Project Description


The recently completed Mossville Bluffs Watershed Restoration Master Plan identified an opportunity for the creation of a ravine overlay district (R.O.D.) to be used as a mechanism to continue the ongoing preservation and rehabilitation of the Peoria Lakes and the Illinois River Valley. After verbal encouragement from the Illinois River Valley Council of Governments ((IRVCG), an association of local municipal representatives), an effort to more thoroughly investigate the opportunity for development of a regional R.O.D. became a priority.

The R.O.D. will create a model zoning district that will be used to protect rapidly eroding, bluff and wooded areas (particularly those under developmental pressures). Recent analysis completed using the leam modeling tool project this encroaching development will consume approximately 8,500 acres (or 9.5 %) of local forested land over the next 30 years. The results of the leam modeling system identify the possibility of preserving a substantial portion of these sensitive areas via tools such as the proposed R.O.D.

The design of the R.O.D. model ordinance will allow for wide scale utilization and adoption from entities both inside and outside the Tri-County area.

Below is a detailed description of the R.O.D. work plan.

Work Tasks Estimated Time
1. Acquire verbal and written support from local representatives to solidify potential alliances, and inform local representatives. 25 hours
2. Create a working group consisting of local officials, staff persons, community leaders, and environmental specialists to assist in the ongoing development of R.O.D. 25 hours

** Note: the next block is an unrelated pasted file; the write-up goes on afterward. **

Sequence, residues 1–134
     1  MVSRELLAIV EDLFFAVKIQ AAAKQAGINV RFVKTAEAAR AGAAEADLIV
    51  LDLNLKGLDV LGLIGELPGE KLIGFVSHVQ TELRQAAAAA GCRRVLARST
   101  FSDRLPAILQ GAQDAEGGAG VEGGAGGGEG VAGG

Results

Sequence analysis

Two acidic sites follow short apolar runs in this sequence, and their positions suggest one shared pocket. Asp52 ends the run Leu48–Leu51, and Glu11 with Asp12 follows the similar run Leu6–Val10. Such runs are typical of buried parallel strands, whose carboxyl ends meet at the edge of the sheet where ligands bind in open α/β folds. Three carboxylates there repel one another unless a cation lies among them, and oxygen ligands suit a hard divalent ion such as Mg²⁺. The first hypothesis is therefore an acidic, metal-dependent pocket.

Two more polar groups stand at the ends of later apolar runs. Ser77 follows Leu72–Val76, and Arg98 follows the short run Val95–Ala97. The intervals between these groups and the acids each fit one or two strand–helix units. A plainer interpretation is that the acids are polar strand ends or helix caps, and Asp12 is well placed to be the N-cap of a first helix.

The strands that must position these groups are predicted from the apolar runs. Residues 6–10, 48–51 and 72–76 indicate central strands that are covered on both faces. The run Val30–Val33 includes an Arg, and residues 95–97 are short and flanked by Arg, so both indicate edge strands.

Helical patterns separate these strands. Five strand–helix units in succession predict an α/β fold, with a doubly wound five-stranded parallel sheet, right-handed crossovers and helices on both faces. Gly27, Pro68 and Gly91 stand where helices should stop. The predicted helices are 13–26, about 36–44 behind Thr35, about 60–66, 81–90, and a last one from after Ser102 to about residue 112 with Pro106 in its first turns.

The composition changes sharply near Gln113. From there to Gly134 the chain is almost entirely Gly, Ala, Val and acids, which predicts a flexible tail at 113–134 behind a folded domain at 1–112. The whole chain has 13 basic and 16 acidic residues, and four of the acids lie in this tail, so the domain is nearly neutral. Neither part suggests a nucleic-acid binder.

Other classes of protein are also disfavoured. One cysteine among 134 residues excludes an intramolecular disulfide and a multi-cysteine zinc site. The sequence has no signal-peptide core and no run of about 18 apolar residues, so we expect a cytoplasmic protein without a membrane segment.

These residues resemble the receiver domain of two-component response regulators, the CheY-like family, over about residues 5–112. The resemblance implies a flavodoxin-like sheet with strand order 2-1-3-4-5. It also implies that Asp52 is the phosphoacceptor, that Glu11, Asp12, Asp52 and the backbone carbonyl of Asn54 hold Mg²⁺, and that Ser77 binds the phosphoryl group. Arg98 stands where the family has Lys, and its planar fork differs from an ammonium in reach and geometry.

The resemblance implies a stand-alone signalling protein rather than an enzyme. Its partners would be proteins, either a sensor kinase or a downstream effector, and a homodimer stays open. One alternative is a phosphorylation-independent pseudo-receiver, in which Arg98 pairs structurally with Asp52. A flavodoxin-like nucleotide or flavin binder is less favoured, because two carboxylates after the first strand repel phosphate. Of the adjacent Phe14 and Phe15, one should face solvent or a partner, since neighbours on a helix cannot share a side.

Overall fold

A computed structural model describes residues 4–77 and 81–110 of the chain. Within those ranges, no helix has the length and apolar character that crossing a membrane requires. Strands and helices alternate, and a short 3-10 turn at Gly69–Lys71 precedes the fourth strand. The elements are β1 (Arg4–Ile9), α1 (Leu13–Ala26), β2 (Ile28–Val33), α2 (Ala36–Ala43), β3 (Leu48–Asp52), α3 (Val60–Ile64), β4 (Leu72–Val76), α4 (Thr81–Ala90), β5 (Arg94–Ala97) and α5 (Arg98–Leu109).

3. With the help the working group utilize existing studies, GIS information, and the LEAM modeling tool, to outline site selection criteria used in designating proposed protection (a.k.a. overlay) areas. 75 hours
4. Create a regional coverage and map of proposed overlay areas through assistance and feedback from local planners, professional staff, and community leaders. 100 hours
5. Create and customize R.O.D. criteria and form a model R.O.D. ordinance. 225 hours
6. Promote the adoption and implementation of the R.O.D. ordinance to municipalities and counties throughout the Tri-County Area. 150 hours

The excitement of local officials coupled with current watershed restoration efforts and the utilization of the LEAM modeling tool all intertwine to create a strong foundation from which to undertake this exciting planning effort. The ultimate goal is to provide a customized process that allows local governmental bodies to implement a regional strategy that can be used for the protection and enhancement of the region’s environmentally sensitive areas.

Management Plan-

The R.O.D. project will be headed up by and staffed through the Tri-County Regional Planning Commission (TCRPC). The TCRPC is a regional body representing Tazewell, Peoria, and Woodford Counties and will bring professional staff support to the project specializing in zoning, natural resource preservation, erosion control, bluff preservation, GIS development, among many other areas of specialty.